Criterion Sunday 139: Smultronstället (Wild Strawberries, 1957)

Another one of those classics that always crops up on lists (I’ve been watching a few of them recently, not least on the Criterion Collection) but it succeeds on the basis of Victor Sjöström’s performance as the old professor close to death. He’s looking back on his life, often watching scenes from 50-60 years earlier, and seeing — as we are — what a difficult man he’s been and how he needs to open up. There’s heavy-handed use of the various women he meets (and has known) to drive the point home, which works if you accept this is very much told not just about him, but from his point of view.

Criterion Extras: There’s a commentary track by Stephen Prince, who covers many of the themes, although I am not such a huge fan of his style, though he appears on plenty of Criterion’s Bergman releases. There’s also an introduction by Bergman, which I gather is an outtake from one of the many documentaries about his life and work.


FILM REVIEW: Criterion Collection
Director/Writer Ingmar Bergman | Cinematographer Gunnar Fischer | Starring Victor Sjöström, Bibi Andersson, Ingrid Thulin | Length 91 minutes || Seen at a friend’s home (DVD), London, Sunday 8 January 2017

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Criterion Sunday 11: Det sjunde inseglet (The Seventh Seal, 1957)

Ingmar Bergman, and particularly this film of his, has long been considered a sort of byword for chilly existential angst, and indeed the iconic scene of the knight (Max von Sydow) playing chess with Death (Bengt Ekerot) has been recycled more regularly than most film images over the years, often for mocking comic purposes. And certainly there’s a lot of angst and hand-wringing over the existence and nature of God and the Devil — the story is filtered through the consciousness of a man who has been away ten years on the Crusades, torn asunder from his happy home life, not unlike Odysseus. At the film’s outset he finds himself, along with his squire (Gunnar Björnstrand), dashed on the rocks of his homeland, hence the visitation from Death. Yet what I think gets lost in that reductive summation of the film’s legacy is quite how comic it is (though it’s comedy sometimes like that found in Bresson, another forbidding cinematic master of the existential — you’re never quite sure if it was really intended or how deeply it runs, and that can make for a confusing viewing experience). It’s a much fresher and more watchable film than you might expect, coming to it only from its reputation, and the ways that it deals with crises of faith never overwhelms the human drama, as the story of the knight and his squire intersects with a band of travelling players. Along the way there are comic characters (the carpenter Plog, for example, whose story involves a bit of knockabout farce) and an understated sense of life in the mediæval era, which points up both the social and religious miasma without undue condescension.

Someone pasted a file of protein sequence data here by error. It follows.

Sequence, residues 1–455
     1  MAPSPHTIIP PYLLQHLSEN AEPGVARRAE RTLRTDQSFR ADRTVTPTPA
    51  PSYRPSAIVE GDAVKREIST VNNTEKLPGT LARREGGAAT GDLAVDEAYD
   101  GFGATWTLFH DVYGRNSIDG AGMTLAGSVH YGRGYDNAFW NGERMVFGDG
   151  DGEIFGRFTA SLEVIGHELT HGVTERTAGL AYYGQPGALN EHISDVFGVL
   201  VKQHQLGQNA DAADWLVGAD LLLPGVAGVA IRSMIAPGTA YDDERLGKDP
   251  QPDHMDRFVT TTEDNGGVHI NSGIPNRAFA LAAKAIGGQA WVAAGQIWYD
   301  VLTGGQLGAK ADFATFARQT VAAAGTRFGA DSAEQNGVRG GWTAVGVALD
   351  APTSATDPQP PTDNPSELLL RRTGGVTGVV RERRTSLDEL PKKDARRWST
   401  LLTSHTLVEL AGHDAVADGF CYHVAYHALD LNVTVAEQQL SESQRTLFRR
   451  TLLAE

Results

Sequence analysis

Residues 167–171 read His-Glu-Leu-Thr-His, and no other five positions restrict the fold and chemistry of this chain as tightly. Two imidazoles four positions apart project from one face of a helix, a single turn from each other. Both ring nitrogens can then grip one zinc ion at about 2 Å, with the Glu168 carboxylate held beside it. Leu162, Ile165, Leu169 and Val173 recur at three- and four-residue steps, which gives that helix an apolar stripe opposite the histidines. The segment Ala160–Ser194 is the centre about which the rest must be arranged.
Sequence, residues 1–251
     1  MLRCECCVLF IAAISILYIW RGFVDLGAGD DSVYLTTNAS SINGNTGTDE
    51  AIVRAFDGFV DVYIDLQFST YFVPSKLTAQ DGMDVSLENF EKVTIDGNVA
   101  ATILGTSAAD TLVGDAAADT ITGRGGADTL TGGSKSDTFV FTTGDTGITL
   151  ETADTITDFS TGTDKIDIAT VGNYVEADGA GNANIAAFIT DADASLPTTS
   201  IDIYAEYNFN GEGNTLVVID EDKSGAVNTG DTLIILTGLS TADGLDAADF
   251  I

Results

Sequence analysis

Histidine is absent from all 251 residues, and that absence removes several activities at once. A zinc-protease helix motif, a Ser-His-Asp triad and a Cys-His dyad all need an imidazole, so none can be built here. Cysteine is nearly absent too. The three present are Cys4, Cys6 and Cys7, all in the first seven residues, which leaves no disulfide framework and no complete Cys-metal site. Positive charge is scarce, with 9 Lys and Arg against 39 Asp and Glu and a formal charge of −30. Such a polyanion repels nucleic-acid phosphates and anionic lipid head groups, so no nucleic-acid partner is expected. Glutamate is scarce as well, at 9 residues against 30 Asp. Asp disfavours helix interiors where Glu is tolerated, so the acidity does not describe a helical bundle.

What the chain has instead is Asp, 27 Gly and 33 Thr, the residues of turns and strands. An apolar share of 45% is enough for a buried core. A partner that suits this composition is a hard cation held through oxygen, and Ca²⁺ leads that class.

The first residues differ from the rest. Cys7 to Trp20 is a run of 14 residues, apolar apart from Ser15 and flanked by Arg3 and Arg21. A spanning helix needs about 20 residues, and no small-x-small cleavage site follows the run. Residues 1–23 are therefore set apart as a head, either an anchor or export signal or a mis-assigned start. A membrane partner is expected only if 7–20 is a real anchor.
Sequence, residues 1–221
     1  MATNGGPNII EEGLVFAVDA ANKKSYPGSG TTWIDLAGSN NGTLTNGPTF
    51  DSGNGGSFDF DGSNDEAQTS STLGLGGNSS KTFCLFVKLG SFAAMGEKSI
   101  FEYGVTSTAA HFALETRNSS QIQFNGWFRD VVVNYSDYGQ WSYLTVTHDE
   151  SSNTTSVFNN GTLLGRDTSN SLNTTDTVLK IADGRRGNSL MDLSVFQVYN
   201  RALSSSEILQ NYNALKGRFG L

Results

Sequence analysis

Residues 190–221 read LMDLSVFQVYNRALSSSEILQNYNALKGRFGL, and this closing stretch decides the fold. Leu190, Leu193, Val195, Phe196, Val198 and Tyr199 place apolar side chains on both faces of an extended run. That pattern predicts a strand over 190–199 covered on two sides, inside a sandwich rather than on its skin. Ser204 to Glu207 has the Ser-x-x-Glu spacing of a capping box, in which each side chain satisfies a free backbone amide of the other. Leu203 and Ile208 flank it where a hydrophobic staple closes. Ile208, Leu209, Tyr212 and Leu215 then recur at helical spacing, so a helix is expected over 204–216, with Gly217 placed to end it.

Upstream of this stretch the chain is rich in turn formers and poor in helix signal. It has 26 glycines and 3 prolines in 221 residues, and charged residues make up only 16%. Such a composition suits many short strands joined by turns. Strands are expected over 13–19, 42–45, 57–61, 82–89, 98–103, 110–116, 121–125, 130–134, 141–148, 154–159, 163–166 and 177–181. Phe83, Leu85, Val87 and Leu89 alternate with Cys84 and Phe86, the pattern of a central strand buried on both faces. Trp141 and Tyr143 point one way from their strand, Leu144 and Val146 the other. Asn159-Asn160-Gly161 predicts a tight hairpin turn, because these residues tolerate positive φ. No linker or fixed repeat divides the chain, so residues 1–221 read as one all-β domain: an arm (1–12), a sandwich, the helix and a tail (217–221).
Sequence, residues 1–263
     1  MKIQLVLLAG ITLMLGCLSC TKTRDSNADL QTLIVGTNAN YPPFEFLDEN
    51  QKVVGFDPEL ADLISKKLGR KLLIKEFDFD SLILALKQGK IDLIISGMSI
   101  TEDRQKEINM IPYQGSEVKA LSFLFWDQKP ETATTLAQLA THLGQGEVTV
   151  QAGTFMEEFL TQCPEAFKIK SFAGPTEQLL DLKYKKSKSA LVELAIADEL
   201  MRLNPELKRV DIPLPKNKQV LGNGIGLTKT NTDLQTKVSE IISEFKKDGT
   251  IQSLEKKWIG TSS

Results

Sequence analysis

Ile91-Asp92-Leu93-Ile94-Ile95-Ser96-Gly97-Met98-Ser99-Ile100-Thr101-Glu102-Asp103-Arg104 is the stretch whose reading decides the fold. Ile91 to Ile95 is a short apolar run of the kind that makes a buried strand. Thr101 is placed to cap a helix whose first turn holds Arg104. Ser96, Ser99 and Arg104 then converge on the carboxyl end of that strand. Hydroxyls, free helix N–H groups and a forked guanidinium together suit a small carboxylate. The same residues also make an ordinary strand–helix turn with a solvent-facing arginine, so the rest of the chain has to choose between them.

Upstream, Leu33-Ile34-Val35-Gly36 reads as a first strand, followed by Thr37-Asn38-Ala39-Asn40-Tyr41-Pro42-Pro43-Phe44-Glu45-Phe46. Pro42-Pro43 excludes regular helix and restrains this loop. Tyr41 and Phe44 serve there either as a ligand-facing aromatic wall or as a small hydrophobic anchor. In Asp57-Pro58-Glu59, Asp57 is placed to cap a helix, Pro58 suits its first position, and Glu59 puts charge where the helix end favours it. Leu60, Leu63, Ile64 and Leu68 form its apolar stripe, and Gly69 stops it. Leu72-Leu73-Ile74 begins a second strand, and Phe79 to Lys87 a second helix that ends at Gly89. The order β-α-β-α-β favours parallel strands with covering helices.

Criterion Extras: There’s so much packed onto this disc that I haven’t yet watched it all (will update this post when I do), but the commentary is by film scholar Peter Cowie, who certainly knows his Bergman. He narrates a half-hour featurette charting Bergman’s entire career, and though he gets a bit carried away at times (stating that Bergman had a “unique understanding of the psyche of women” is surely a bit of a stretch on several levels), it’s still a good introduction to the man’s work. Cowie also interviewed the star Max von Sydow, presented here as a 20-minute audio interview. There’s a short filmed introduction by Bergman himself (made in 2003 for Swedish television), who is, to say the least, rather cranky, and his interviewer Marie Nyeröd made a longer portrait called Bergman Island (2006), also included here. Finally, there’s an audio tribute by Woody Allen presented alongside clips of Bergman’s key films.


FILM REVIEW: Criterion Collection
Director/Writer Ingmar Bergman (based on his play Trämålning) | Cinematographer Gunnar Fischer | Starring Max von Sydow, Gunnar Björnstrand, Bengt Ekerot | Length 96 minutes || Seen at home (VHS), Wellington, February 1998 (and at a friend’s home on DVD, London, Sunday 7 December 2014)

Sommarnattens leende (Smiles of a Summer Night, 1955)


FILM REVIEW || Director/Writer Ingmar Bergman | Cinematographer Gunnar Fischer | Starring Eva Dahlbeck, Harriet Andersson, Gunnar Björnstrand, Ulla Jacobsson | Length 111 minutes | Seen at home (DVD), Monday 12 August 2013 || My Rating 4 stars excellent


© Svensk Filmindustri

Ingmar Bergman is one of those feted directors of the past who I imagine is more admired than actually watched these days. I mean, correct me if I’m wrong, but his reputation is nowadays largely founded on the idea of dour Scandinavian films grappling with faith, death, and other big themes. As it happens, these are ideas that come more from parodies of his style than the actual films, though even in this comedy (and Sommarnattens leende, his first major film, is a comedy) there are scenes of questioning doubt and existential torment, not to mention an attempted suicide — it’s all just worn rather lightly.

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